Wilhelm has done the community a service by bringing up the whole topic of comments, and Bhagpuss also with his detailed investigations of problems with commenting on Blogger.

    It’s surprising how much technological factors are affecting commenting or not. Reading blogs via RSS or on a mobile device makes commenting that much harder. Even on a PC for me commenting on WP blogs is easy, on Squarespace it’s a hassle, and on Blogger it’s often downright painful. Some WP themes don’t have like buttons for posts, and plenty have them posts but not for comments.

    Another important thing is whether you can keep track of whether people replied to your comments. On WP.com there is a handy method for seeing new comments on any posts that you’ve commented on yourself or have liked, which greatly enhances the possibility of having an extended conversation. On other platforms there is no easy way to keep track that I know of. You can sometimes ask to get emails to let you know of follow up comments, but I don’t a flood of emails pouring.

    One reason why there is a lot of back and forth on Twitter and not so much on blog posts nowadays is that all of this is extremely easy on Twitter.

    I wonder if there are any tech solutions that help. Does anyone know of any RSS readers or mobile apps that are particularly good for not only reading but commenting on blogs, and for keeping track of conversations that you’re having?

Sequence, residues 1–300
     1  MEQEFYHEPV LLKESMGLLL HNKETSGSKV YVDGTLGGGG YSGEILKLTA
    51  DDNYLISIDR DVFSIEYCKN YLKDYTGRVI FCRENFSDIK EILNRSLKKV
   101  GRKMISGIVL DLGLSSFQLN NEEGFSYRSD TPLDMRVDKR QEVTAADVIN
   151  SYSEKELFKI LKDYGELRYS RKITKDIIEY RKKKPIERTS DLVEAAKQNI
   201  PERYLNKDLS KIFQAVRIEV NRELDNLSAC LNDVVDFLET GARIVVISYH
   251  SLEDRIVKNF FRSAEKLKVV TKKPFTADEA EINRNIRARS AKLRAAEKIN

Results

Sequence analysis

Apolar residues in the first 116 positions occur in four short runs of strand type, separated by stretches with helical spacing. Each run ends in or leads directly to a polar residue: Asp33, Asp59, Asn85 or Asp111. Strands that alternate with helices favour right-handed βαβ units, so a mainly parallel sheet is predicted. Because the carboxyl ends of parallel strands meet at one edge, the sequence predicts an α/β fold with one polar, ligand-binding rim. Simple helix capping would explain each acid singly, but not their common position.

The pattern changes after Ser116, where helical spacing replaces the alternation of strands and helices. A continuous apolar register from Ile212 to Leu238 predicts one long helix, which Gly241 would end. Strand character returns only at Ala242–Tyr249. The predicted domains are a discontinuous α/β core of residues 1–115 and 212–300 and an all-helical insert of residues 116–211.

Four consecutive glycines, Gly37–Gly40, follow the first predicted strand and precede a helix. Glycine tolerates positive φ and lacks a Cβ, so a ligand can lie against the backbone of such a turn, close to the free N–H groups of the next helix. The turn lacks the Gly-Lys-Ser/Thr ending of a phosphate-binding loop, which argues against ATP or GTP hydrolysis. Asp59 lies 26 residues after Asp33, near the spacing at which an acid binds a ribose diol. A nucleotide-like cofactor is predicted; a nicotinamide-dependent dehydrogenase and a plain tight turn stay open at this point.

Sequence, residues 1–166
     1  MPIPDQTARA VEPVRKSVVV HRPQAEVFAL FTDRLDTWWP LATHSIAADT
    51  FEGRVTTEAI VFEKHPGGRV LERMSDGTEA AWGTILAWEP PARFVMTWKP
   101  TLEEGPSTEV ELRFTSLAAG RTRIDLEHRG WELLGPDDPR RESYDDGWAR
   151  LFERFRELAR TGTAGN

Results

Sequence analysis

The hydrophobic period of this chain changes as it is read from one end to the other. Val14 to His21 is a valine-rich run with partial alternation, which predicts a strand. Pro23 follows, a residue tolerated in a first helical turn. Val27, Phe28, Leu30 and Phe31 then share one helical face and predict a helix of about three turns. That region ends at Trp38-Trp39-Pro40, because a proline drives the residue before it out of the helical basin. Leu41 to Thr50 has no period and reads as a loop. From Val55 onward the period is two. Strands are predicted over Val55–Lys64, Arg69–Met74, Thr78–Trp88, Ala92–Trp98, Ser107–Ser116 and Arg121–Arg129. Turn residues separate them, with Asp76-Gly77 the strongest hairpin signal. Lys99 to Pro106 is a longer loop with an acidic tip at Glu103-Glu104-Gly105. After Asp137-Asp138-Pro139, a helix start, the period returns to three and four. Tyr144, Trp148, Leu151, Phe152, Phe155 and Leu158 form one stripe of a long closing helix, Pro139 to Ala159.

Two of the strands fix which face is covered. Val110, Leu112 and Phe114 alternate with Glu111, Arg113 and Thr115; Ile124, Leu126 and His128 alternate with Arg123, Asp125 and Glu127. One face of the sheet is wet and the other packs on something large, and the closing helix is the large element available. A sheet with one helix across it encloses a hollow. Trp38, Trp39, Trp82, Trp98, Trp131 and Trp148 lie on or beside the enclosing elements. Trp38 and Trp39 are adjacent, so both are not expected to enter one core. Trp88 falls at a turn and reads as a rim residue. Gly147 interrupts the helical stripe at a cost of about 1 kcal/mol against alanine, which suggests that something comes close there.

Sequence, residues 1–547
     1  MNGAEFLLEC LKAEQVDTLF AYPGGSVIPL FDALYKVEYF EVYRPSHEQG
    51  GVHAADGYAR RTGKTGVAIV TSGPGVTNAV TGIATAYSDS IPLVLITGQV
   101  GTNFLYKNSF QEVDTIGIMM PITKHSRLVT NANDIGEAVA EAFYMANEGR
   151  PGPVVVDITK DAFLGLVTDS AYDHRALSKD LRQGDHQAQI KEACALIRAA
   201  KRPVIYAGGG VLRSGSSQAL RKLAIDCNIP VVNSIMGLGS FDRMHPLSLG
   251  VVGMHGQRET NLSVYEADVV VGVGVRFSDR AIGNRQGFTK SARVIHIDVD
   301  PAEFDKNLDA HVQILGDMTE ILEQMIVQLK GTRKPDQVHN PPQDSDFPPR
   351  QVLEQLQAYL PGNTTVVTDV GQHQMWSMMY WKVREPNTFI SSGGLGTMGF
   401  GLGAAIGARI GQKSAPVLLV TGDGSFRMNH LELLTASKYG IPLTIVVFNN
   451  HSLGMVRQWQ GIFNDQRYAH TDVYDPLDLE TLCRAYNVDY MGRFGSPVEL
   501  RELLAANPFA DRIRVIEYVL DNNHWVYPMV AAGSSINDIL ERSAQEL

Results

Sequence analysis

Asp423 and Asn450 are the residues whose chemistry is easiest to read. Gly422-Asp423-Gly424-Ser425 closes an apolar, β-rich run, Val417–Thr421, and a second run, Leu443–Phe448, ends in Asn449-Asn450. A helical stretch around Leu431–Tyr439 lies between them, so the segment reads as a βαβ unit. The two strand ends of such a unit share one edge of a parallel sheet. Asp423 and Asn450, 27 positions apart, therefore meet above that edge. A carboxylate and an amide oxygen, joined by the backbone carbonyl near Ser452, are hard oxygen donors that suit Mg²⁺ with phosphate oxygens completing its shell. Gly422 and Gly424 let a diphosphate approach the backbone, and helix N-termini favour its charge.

Liked by 1 person

  14. Wilhelm Arcturus Post author

    @Gevlon – And I oblige you by rarely ever leaving a comment on your blog. You, like Tobold, seem more interested in making pronouncements rather than engaging in any back and forth on a topic. And that is fine. You run the your site the way you see fit. But even if I see you have made a verifiable error in fact, I just shrug and move on. I see no point in bringing it up. If I want to argue with you I’ll do it by posting here, as I have done in the past.

    As for haters, I have had less than my share probably, since my topics tend to be less controversial, but I still get them. As with you, EVE Online seemed to spark a good portion of that, though I have had people angry about various aspects of WoW and LOTRO. During the Casino War I had a pack of people who were angry show up on my doorstep. There was Jester, of course, who was also in the pronouncements category of bloggers; he brooks no disagreement and isn’t open to discussion, especially when it comes to Goons, who are to blame for most of the game’s ills. He and his inapt WWII analogies showed up. And then there was Rob Kaichen, who just wanted to troll and who would post links to here on Reddit to incite the mob.

    That was the only time I seriously wondered whether blogging was worth it. It was certainly the era when I deleted the most comments. You get the /r/eve mob throwing obscenities and threatening to dox you and your family and it gets old pretty quick.